Serial paths are comprised of multiple steps, where the failure of any single step will cause a complete system failure. Serial paths exist in operational procedures as well as in the physical system implementation. Application software is often the most critical of serial elements because an application software bug cannot be fixed while in operation. It can be restarted or rebooted, but it cannot be repaired. A well-written application can minimize the opportunity to lose data by employing techniques such as checkpoint and restart. Checkpoint and restart stores intermediate compute results when passing data from one process to another in order to avoid a serial failure.
Selecting and managing the software used for critical applications are important steps that must not be overlooked. First, utilities and applications must be stable, as determined by careful selection and testing. Many IT organizations test new versions of critical applications in an offline simulated environment or in a non-critical part of the organization for several months before full deployment to minimize the probability of crashing a critical application. The software industry has promoted software upgrades as the pathway to computing heaven, however the rate of release and complexity of upgrades often exceeds the ability of IT managers to fully qualify one upgrade before the next upgrade is out. The pressure to upgrade should be resisted; the installation of an unstable application can be more devastating than a physical server meltdown. Likewise, even though management may be pushing to consolidate distributed applications onto fewer servers, it should be avoided. Consolidation can jeopardize the availability of the critical applications. For example, the server can become unstable, and the network may not support the new traffic load on the server. Either of these events can be disastrous.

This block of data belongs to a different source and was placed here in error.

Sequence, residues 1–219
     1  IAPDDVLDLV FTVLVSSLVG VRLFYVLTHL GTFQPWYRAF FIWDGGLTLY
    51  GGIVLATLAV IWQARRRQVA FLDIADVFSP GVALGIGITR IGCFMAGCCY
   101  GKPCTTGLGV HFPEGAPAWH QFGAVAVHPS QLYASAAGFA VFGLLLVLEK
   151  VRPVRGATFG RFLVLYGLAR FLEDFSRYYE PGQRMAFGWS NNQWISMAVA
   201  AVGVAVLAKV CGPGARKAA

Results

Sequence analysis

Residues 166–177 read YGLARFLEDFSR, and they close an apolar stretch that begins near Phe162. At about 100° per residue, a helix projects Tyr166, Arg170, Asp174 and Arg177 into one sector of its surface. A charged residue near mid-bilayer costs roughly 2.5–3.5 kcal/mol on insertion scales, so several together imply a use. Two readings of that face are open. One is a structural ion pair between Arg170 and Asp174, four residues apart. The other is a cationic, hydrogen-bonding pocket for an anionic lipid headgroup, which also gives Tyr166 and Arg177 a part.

The physical aspects of the computing environment must be considered when establishing a reliable and safe information system environment. The primary components of the computers and network must be addressed initially. Then, consider the physical environment of space, temperature, humidity, and power sources. Most of the time these factors only get attention when building a new facility and are totally overlooked when making small system changes, installing new systems or upgrading current systems.
Another key and yet often ignored element in the management of the physical environment is the actual physical security and access. It is a basic element of protection of the business’s information assets. Allowing casual access to critical information systems can result in inadvertent or even intentional system outages.
The processes and procedures used in managing the information infrastructure should provide maximum system availability with minimum interruption in service in the event of a failure. This includes access control, backup policies, virus screening / recovery, staffing, training, and disaster recovery. These processes and procedures should be documented and updated regularly. They should also be exercised and revised, if necessary, at least once a year. Exception procedures are elements of last resort and must be complemented by proper day-to-day operational processes which ensure the proper allocation of system resources via application and operating system tuning. In too many cases processes and procedures are ignored until a crisis. Then it may be too late to avoid a system outage. Finally, remember that even a well-documented process has little value if the operators and system managers have not been trained and updated on a regular basis.